I was cleaning out dust from my case today when I thought about how much better it would be to have the coolers for your graphics cards on the top instead of the bottom. Surely it must be better for airflow, and no one wants to look at a PCB especially if you have a windowed case like I do.
I think it's what jrayx said, and that if the fan was on the top it would be pulling the hot air down, while optimally the air should be drawn up as hot air naturally rises so the fan being on top would be fighting the convection in the case.
There should be some kind of solution to this... Regarding the SilverStone thing, do you mean the TJ11 case? I'd avoid that since the hot air rising would just go towards all the main components. I think there should be someway to have the GPU aligned both ways, up or down.
The video card is sucking IN air, not blowing air out.
Facing the fan up would suck in hot air from the CPU fan, or simply cause turbulence negatively effecting the airflow of the entire system.
Having it facing DOWN, sucks in the colder fresh air that is being drawn in from any intake fans that are commonly down near the bottom of the case. This keeps the graphics card cooler, and keeps the air flowing properly for other components.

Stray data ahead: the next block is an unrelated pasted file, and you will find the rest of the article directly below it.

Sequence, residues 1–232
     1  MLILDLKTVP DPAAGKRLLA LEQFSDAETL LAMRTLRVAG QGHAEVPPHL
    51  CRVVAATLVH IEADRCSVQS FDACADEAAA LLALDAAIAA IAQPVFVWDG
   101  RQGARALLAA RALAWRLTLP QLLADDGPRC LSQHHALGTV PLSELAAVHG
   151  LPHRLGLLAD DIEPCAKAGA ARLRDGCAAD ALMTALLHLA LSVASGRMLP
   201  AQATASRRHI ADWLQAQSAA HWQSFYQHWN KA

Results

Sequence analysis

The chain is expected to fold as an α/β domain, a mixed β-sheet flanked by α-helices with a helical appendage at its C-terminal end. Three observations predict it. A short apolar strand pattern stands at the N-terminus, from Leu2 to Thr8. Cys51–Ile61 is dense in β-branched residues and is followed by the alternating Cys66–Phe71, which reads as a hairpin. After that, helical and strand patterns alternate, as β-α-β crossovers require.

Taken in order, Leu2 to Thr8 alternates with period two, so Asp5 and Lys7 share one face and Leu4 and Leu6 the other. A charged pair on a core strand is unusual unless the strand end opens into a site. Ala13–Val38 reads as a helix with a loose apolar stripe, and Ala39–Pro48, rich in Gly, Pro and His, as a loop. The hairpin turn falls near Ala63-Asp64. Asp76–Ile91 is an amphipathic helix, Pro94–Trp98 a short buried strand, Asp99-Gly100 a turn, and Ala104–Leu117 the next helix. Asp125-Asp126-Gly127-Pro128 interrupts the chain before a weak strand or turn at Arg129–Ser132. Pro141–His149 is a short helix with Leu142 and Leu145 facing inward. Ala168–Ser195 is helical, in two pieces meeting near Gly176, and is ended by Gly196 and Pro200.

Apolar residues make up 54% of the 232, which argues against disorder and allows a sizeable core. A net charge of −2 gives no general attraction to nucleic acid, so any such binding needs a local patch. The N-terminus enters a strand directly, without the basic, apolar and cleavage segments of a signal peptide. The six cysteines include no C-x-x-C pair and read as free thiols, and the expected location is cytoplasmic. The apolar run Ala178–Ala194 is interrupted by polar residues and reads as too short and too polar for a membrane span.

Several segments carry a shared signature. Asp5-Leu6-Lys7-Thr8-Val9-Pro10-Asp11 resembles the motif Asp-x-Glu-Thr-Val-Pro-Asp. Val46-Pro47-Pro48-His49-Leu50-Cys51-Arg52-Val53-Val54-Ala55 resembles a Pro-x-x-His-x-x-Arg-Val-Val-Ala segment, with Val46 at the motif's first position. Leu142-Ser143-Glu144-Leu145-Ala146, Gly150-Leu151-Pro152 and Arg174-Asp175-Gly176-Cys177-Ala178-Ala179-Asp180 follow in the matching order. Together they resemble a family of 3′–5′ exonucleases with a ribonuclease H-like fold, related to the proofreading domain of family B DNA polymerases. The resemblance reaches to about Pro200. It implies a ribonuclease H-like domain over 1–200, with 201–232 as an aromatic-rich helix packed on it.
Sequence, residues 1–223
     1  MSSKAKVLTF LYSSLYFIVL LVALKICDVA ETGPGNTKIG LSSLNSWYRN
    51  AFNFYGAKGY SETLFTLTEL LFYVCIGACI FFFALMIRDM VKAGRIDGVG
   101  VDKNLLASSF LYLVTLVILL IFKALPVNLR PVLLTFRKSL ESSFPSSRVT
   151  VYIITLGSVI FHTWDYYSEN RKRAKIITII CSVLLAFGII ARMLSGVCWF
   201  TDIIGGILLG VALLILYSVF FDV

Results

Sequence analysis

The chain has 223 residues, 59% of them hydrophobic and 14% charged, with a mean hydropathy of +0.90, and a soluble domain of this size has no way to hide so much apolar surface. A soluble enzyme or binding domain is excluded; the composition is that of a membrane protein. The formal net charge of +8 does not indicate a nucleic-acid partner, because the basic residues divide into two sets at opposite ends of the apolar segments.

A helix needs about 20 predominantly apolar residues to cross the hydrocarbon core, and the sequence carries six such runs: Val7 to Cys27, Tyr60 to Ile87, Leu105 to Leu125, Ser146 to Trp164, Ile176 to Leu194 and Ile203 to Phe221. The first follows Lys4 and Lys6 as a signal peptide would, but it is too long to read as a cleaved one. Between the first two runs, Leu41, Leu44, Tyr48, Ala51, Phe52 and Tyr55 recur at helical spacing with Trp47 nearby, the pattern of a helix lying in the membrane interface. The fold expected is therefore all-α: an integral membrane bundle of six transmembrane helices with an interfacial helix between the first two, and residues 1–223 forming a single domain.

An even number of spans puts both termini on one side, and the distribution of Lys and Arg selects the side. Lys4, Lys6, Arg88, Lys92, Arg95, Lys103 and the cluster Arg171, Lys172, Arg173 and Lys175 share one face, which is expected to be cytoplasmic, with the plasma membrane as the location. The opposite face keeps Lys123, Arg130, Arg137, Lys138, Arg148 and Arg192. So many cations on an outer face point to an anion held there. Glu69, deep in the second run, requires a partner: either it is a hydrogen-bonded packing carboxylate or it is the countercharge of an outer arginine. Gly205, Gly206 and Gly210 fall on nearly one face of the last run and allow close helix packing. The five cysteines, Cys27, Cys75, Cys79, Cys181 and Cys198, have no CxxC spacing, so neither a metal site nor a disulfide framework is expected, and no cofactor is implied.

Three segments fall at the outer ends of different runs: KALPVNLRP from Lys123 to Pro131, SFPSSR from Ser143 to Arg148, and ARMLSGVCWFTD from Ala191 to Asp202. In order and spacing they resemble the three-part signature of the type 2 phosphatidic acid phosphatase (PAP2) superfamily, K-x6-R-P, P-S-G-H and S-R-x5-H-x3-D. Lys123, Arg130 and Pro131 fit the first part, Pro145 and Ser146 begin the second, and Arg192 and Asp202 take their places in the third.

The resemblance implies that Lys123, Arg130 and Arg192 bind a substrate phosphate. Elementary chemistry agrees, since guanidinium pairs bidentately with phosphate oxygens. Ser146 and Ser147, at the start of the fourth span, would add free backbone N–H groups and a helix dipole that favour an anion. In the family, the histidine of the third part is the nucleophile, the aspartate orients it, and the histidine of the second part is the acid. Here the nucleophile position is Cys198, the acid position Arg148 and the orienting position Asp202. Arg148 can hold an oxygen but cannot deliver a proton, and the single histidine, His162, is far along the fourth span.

Still, staring at a PCB all the time, unless you were to have something along the lines of an aftermarket GPU cooler or a water block on it, looks awful.
I personally don't spend much time staring at the PCB's in my computer, but I agree, the PCB side of a video card is not its best side, especially since once it's installed, you never see the nice artwork on the shroud again.
Here is something you could do. Measure the visible area of the PCB and cut a piece of some rigid, non-conductive material like plastic and trick it out with some cool artwork and attach it to the PCB with some adhesive spacers so the cover doesn't touch anything. That should help the appearance a lot.
Does any one remember the old (Very Old) ISA interface expansion slots. Those cards were designed to have the component side facing up in a tower computer or to the right in a desktop computer. However, when PCI and later PCIe was developed the cards have had the component side facing down in a tower and facing left in a desktop. That's why current graphics cards have the component side facing down. The fact that dust is easier to clean off the solder side of a card is a fortunate side effect.